If you haven’t spent much time with middle school girls, you would probably assume that they would
scoff at the task of collecting and moving rocks, for any purpose. However, during one of our trail
building days with Friends of the Dillon Ranger District, I got to witness firsthand probably the most excited girls I’ve ever seen moving rocks. The purpose of collecting and moving said rocks was to re-build a part of the heavily used Spruce Creek trail in Blue River. Our girls showed up to this volunteer activity completely stoked and ready to work together to give back to one of the trails in our community.
While I witnessed team building on bike throughout the year, I also saw an incredible amount of team building through our service projects. Perhaps because during service projects we are moving at a slightly slower pace I can really observe the interactions with girls. Nonetheless, during this project, I saw girls working intricately in groups to find the perfect rocks, devise a plan for moving said rocks, and rethink their plan together if it failed the first time.
These are skills we also used on bikes this year. If we came upon a difficult obstacle on the trail, we would often try it, stop and share our thoughts on ways to get over or around the obstacle, then go back and try again. While building tenacity and grit in individuals we also built a community in which teammates felt okay with failing and trying again. One of the most heartwarming things to me as a coach is the screaming, sometimes shrieking (cough cough Lucia), and cheering our girls received from their teammates when they got themselves back on their bike and on the trail after falling.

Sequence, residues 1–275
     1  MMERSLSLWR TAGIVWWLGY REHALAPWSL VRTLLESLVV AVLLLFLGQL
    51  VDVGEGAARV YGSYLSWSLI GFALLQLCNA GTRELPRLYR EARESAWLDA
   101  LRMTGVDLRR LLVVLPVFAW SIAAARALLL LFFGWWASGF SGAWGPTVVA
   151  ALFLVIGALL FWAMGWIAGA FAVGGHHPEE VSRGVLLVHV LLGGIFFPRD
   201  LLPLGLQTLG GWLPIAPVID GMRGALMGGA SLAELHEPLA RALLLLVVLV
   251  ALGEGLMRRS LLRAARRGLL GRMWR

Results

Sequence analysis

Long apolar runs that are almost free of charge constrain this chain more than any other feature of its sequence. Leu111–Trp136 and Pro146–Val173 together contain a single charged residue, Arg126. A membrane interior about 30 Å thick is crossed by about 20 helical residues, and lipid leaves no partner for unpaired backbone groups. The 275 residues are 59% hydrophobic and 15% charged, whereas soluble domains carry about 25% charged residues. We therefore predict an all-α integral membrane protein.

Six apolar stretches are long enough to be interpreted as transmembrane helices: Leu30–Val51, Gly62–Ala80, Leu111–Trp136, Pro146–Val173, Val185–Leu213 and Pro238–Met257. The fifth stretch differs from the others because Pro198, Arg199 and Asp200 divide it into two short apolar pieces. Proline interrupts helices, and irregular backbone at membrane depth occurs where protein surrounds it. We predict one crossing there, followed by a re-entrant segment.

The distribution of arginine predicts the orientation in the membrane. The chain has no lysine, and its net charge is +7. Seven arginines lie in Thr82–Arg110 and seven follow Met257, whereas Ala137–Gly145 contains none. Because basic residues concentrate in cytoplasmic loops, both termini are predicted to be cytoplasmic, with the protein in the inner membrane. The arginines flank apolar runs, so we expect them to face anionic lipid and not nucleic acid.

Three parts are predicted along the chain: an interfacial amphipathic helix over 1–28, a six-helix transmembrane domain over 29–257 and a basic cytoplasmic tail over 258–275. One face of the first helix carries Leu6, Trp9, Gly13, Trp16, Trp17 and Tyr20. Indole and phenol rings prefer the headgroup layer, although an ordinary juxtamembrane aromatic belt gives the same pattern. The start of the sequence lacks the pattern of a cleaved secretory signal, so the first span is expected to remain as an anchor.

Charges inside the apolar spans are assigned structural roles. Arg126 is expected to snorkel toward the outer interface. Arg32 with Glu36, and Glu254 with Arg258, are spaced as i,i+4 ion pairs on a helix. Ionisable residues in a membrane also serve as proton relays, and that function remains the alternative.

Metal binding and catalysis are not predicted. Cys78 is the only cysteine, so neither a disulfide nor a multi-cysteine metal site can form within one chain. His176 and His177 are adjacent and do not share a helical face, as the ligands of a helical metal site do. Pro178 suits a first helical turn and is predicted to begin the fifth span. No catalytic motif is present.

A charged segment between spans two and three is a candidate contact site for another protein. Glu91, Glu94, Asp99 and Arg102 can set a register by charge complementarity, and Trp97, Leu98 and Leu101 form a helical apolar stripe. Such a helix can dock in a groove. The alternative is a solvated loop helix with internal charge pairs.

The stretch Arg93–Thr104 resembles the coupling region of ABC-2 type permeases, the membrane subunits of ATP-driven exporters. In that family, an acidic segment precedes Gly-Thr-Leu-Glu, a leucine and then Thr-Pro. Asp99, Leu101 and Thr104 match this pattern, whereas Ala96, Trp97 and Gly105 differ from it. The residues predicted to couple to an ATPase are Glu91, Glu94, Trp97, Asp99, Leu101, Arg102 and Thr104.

Personally, through coaching with The Cycle Effect I have felt more connected to the community here in Summit County, as well as the greater mountain biking community. I have built relationships with an amazing group of young ladies here in the county that I would have otherwise not gotten the chance to know. It seems that everywhere I go someone has heard of The Cycle Effect and are so supportive of our mission. To my surprise, so many people we encounter on the trail are so excited to see a giant (typically loud, maybe a bit squirrely) group of girls out biking, rather than annoyed about waiting for us to pass. Our girls have become some of the most polite trail users I’ve encountered. As a coach, I feel honored to be a part of building all of these communities through mountain biking.